DON’T: Get upset if a few days go by and you haven’t heard from someone you wrote or winked at.

DO: Talk to more than one potential date at a time. It’s ok to have a few irons in the fire. If you only have one in the fire, you risk hyping up the first date and nerves may get the best of you. If/when the fire burns out, all you’re left with is one dull sword. Something about having other options relieves nerves and actually improves each date, because you don’t have to be there, you can just enjoy wanting to be there.

DON’T: Have too many irons in the fire. Then you’ll dial up Judy and say, “Hey Barbara!”

DON’T: Expect a date with Judy after you called her Barbara.

DO: If you need to, re-read some messages between you and the person your conversing with. Remember a few topics you’ve already discussed so you don’t make the mistake mentioned below.

DON’T: Mention that you also love “Wicked” when, oops, that was a different person that told you they loved “Wicked.”

DO: Write original messages tailored to the recipient. What do you like about their profile information? Tell them about it.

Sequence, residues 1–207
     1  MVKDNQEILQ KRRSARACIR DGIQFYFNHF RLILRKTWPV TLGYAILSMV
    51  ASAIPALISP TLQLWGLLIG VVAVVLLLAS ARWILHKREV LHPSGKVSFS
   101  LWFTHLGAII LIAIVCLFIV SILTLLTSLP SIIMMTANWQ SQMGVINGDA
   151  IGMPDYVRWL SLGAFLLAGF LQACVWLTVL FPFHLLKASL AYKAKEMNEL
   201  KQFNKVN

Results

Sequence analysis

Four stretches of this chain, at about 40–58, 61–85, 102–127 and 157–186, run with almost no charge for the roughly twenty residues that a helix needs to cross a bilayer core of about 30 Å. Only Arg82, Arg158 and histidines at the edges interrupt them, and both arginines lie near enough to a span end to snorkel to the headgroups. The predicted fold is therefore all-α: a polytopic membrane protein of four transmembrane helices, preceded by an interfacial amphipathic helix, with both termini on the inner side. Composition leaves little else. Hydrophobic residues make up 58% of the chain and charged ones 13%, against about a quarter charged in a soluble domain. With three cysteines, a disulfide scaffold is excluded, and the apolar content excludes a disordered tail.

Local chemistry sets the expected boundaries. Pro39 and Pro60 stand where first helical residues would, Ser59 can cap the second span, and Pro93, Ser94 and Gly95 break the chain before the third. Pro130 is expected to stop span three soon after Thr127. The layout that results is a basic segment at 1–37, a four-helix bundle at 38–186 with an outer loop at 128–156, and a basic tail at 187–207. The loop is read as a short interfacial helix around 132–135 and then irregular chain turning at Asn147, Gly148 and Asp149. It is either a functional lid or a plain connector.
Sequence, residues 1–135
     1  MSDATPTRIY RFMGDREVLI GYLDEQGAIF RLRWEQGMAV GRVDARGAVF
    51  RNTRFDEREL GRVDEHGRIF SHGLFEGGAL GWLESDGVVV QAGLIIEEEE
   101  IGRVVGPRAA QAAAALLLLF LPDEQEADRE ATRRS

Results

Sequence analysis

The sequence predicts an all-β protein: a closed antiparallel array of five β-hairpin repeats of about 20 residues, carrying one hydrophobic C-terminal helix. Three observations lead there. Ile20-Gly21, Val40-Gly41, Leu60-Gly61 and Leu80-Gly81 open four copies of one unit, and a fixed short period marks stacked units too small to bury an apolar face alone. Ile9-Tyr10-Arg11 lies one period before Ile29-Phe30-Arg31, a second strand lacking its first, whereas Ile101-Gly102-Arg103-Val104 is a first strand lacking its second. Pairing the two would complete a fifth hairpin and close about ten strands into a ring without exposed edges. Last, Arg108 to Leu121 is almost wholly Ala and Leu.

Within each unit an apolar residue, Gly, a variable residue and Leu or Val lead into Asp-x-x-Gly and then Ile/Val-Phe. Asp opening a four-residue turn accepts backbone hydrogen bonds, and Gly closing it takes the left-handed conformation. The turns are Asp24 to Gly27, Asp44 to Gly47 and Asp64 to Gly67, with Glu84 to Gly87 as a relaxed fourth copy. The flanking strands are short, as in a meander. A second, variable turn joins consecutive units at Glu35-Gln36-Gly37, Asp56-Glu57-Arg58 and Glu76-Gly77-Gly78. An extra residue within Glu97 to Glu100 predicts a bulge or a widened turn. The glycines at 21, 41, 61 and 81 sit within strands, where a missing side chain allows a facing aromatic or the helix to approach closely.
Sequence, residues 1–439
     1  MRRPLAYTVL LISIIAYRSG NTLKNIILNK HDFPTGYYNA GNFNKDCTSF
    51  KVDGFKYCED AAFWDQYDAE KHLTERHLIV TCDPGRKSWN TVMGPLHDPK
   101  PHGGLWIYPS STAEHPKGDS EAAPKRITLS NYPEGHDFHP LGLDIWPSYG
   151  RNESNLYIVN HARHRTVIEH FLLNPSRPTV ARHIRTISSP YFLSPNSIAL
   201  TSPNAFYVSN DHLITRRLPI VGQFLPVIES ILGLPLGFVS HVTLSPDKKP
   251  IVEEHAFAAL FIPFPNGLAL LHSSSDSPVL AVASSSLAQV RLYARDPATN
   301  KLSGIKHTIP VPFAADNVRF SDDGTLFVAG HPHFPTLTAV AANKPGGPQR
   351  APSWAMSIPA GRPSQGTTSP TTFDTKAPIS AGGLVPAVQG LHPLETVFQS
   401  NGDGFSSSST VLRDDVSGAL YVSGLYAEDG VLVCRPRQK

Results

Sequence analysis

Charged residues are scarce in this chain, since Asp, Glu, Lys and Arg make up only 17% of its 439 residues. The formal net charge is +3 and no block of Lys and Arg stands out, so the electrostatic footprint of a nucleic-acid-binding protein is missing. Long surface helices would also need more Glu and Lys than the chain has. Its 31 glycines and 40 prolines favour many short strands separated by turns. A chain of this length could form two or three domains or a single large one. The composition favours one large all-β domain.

DON’T: Guys, don’t make your first message about how pretty she is. Mention something you like about her profile information as opposed to her pictures. This shows you are paying attention to the details and not just scanning pictures for hot girls. My guess is a girl would rather hear you like that she volunteers at an orphanage first, then later you can tell her how beautiful you think her green eyes are.

DO: Keep the first message short. No reason to write a novel to someone who hasn’t signed on in over 3 weeks.

DON’T: In your first few messages, don’t be careless when you attempt humor. Making someone laugh is usually about the delivery, and when a person is reading a message, they most likely won’t read it the same way you typed it. What you write is funny to you, but may seem odd or weird to the reader and they will think twice about continuing in communication.